The Motley Fool Discussion Boards
Financial Planning / Tax Strategies
|Subject: Re: Taxes and UG5||Date: 10/3/1997 1:25 PM|
|Author: TMFTaxes||Number: 451 of 121803|
<<I'm trying to get a grip on what my real (after taxes and commissions) returns would be for the various strategies - particularly UG5.>>
Very Foolish, Scott. Something that needs to be done. But make sure that you compare apples to apples.
<<Let's say I start with $50,000.The monthly UG5 has a 41.8% historical average, I think. I also assume commissions eat up 2.5% and I'm taxed at 28%.>>
First of all, remember that the historical UG5 returns were computed (I believe) prior to reductions for taxes and brokerage fees. Remember that your capital gains tax rate may be very different from that of someone else. The same is true with broker fees.
<<So during the first year I make $20,900 (41.8%). Great. Commissions are $1,250 (2.5%) and I owe $5,852 in taxes for the year. So my real return is $13,798 ($20,900 - $1,250 - $5,852) which works out to 27.5%. Since commission are variable, a more useful number is 29% real return beofre commissions.>>
First of all, remember that you are able to deduct your commissions from your gains. That being the case, in your example above, your capital gains tax would be $5,502 (returns of $20,900, less commissions of $1,250 for a net gain of $19,650 X 28% = $5,502).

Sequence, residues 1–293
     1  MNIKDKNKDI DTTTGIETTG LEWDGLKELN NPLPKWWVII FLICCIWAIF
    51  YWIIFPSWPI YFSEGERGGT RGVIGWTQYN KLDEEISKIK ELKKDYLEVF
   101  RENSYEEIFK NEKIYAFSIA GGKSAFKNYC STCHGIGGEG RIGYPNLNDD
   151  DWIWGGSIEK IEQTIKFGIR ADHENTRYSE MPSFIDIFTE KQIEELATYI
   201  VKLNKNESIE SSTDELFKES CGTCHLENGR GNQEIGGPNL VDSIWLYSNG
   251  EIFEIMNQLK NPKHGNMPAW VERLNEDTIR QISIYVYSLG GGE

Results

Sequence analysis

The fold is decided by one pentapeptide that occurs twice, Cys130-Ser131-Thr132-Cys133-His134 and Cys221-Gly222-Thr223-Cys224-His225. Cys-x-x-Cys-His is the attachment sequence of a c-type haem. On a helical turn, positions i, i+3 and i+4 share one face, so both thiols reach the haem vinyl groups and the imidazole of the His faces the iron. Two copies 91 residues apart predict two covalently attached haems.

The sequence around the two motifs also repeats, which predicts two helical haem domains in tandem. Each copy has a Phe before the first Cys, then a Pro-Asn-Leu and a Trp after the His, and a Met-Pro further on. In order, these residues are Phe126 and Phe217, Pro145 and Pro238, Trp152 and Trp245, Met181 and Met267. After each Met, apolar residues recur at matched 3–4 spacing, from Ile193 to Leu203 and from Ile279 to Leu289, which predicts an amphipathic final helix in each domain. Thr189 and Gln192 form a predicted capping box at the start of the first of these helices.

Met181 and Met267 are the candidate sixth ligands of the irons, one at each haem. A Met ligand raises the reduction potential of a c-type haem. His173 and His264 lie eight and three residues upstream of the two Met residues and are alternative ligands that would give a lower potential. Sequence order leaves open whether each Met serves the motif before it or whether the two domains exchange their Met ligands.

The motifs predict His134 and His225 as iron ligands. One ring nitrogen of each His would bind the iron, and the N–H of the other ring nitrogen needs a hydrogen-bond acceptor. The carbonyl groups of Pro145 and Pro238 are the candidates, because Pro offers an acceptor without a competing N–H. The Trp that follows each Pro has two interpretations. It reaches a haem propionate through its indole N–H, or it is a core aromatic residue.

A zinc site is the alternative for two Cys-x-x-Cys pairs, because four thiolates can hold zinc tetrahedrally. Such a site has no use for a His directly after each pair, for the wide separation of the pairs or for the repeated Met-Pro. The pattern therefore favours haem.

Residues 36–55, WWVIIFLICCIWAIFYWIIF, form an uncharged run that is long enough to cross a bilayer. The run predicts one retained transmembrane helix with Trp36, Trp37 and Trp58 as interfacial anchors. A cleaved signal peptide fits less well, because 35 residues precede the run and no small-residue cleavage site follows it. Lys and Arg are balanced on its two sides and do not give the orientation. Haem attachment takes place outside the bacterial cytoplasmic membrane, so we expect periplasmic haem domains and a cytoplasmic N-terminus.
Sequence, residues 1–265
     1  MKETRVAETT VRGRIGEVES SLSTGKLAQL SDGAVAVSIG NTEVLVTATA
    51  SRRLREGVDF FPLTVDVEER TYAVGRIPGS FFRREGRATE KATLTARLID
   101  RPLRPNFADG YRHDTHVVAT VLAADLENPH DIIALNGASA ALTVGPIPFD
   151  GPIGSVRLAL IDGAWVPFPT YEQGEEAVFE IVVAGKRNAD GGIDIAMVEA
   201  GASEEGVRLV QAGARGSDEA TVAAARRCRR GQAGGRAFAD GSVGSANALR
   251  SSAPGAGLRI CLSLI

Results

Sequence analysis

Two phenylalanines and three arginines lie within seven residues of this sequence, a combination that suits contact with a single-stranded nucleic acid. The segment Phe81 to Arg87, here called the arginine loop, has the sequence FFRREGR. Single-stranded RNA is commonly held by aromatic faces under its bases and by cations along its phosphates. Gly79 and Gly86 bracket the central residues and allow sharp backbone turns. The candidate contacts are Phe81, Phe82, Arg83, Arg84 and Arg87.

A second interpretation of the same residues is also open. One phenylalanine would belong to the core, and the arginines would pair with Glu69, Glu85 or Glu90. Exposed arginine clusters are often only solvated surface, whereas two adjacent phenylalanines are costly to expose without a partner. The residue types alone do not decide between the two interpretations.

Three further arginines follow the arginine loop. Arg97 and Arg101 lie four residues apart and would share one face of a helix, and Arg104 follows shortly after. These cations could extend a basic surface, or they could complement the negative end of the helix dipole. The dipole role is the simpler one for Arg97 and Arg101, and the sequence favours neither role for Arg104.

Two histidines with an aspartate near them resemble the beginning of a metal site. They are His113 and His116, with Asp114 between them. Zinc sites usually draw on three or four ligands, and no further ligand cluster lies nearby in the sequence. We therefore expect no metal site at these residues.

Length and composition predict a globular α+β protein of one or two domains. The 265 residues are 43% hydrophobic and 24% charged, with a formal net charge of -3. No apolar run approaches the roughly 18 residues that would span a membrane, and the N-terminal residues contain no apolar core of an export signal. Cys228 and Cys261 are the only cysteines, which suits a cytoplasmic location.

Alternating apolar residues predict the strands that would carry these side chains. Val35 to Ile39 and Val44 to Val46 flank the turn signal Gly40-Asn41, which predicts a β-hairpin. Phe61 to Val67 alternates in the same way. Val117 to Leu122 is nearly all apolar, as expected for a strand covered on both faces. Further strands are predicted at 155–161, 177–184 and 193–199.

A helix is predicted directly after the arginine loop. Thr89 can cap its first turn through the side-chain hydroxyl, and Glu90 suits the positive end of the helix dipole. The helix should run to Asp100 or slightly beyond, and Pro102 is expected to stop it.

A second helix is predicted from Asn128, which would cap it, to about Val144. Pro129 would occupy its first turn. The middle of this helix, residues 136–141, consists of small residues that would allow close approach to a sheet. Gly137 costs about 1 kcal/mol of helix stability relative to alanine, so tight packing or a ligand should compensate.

Second, I don't know if I would try to make this computation (in fact, I don't in real life). I compare my GROSS Foolish 4 returns (before taxes and broker fees) to the historical norm.
<<I'm curious if I am perhaps calculating something wrong. I used the formula Net Return=Gross Return - (Gross Return X Tax Rate) - Commission Rate. Am I missing something?>>
The computations appear to be correct, but they are based upon a flawed theory. Would you do the same thing with mutual fund returns? Remember that when mutual funds compute their returns, they do so BEFORE commissions and taxes. Would you then turn around and compare your AFTER tax return to the before tax returns published by the Mutual Fund in the Sunday paper? Probably no.
So you might simply compare the GROSS return to the historical return.
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